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SLIM 2023 / Italo Calvino and the Visionary Architecture of Lightness


2023 Week of Italian Language in the World
Italian language and sustainability

Italo Calvino’s Universe
A lecture series on literature, ecology, arts and ethics

On the occasion of the 100th anniversary of the birth of Italo Calvino (1923-1985), the Italian Cultural Institute of Chicago, in collaboration with the Department of Modern Languages, Italian Program, at DePaul University, presents a series of lectures on exemplary and less known themes, from the vast body of work of the Italian author, between fantastic elements and historical issues.


3/ Rethinking the World: Italo Calvino and the Visionary Architecture of Lightness
Presented by prof. Letizia Modena
Thursday, November 2 at 6pm CT
Italian Cultural Institute of Chicago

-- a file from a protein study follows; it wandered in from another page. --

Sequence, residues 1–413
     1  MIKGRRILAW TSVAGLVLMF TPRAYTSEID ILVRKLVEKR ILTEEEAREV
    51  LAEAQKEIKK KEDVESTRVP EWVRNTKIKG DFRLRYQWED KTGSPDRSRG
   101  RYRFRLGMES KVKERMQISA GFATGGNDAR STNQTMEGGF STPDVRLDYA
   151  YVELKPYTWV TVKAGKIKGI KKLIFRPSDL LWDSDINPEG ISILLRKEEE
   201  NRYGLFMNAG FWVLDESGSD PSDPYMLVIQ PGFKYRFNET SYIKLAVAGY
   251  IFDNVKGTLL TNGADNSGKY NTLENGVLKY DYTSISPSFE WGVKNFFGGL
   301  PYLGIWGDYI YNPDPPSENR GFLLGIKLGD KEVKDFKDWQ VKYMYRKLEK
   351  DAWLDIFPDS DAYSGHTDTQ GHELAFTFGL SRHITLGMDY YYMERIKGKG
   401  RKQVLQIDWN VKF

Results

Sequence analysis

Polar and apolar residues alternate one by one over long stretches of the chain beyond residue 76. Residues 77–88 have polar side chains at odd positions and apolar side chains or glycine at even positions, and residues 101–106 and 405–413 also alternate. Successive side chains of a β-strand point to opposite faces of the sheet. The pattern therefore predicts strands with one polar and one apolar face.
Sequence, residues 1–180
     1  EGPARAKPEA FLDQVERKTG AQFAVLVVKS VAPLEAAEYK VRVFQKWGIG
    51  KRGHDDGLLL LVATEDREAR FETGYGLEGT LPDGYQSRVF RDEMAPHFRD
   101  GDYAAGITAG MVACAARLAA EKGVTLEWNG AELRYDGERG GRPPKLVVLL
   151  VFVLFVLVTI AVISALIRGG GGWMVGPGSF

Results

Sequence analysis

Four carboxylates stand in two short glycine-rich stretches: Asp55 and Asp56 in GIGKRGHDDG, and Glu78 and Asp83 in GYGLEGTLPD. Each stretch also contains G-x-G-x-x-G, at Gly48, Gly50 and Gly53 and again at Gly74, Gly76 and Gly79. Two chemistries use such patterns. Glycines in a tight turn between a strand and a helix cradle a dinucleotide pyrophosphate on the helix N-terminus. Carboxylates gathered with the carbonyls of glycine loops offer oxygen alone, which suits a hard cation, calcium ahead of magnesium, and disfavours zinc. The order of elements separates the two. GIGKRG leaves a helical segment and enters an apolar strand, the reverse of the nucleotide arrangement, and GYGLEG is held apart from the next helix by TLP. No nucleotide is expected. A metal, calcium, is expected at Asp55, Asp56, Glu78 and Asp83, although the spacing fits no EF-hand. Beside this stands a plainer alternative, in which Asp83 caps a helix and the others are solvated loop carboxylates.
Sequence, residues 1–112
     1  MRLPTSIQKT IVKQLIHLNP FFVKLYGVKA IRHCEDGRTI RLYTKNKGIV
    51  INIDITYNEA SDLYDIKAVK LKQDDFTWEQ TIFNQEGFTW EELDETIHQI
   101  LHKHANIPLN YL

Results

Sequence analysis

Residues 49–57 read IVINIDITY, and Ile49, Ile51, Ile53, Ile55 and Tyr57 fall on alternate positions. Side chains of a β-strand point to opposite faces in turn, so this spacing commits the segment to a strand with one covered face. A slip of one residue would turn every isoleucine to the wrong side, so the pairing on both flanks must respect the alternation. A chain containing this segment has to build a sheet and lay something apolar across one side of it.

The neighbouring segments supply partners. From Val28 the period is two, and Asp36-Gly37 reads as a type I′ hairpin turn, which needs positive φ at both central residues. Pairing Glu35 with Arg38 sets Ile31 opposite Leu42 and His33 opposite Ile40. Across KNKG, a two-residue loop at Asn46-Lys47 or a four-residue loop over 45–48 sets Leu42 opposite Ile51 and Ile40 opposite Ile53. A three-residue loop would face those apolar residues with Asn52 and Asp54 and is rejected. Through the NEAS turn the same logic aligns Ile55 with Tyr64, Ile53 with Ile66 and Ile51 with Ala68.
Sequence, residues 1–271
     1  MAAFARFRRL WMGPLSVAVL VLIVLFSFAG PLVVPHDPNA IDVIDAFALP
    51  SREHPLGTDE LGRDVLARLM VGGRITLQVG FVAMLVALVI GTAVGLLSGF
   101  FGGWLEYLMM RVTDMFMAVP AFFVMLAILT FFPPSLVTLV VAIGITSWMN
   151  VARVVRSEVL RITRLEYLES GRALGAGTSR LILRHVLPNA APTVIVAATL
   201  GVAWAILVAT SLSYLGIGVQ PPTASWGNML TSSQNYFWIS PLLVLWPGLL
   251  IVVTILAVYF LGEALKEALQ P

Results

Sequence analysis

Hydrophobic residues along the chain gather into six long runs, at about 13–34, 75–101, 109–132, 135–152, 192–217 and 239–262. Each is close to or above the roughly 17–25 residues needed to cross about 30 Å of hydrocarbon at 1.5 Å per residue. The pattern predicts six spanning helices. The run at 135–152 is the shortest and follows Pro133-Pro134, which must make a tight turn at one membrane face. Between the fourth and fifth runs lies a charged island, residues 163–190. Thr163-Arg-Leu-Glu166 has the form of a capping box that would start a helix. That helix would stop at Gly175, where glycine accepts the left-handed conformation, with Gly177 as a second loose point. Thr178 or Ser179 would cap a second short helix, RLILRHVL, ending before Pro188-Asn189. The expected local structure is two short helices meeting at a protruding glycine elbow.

A hundred years after his birth, one of Italo Calvino’s most vibrant legacies continues to fold in the visual and performing arts. Witness the ongoing International Exhibit “Italian Excellence: Illustrations for Italo Calvino” at the Italian Cultural Institute of Chicago, which presents the works of both established and emerging illustrators who have been inspired by Calvino’s “word images.” Undoubtedly, Calvino’s writings still grip our imagination: his keen observations on the spatial dimensions of our existence, the environment surrounding the individual, the way we, as people, experience places, both in terms of physical, material shapes and abstract relationships remain as fascinating and relevant as they were when he first wrote them.  Today, artists, scholars, lay persons, cultural critics, urbanists, and many others read, teach, and discuss Calvino’s works. His 1972 novel Invisible Cities continues to provoke dialogue among architectural theorists and urban planners, some enthusiastic and others wary of his influence.  But, knowing that Calvino has been and remains a great source of inspiration for so many, invites the question: What inspired his own imagination? More pointedly: What did he draw upon to reimagine the present and future urban environment?